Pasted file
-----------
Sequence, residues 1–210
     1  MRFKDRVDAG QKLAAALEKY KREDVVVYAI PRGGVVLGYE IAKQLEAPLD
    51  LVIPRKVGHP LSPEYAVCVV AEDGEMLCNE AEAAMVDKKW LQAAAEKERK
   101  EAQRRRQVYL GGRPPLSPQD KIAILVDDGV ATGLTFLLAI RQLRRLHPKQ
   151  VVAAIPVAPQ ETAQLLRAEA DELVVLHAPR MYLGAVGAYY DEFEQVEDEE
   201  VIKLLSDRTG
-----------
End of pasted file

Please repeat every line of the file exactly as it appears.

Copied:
Sequence, residues 1–210
     1  MRFKDRVDAG QKLAAALEKY KREDVVVYAI PRGGVVLGYE IAKQLEAPLD
    51  LVIPRKVGHP LSPEYAVCVV AEDGEMLCNE AEAAMVDKKW LQAAAEKERK
   101  EAQRRRQVYL GGRPPLSPQD KIAILVDDGV ATGLTFLLAI RQLRRLHPKQ
   151  VVAAIPVAPQ ETAQLLRAEA DELVVLHAPR MYLGAVGAYY DEFEQVEDEE
   201  VIKLLSDRTG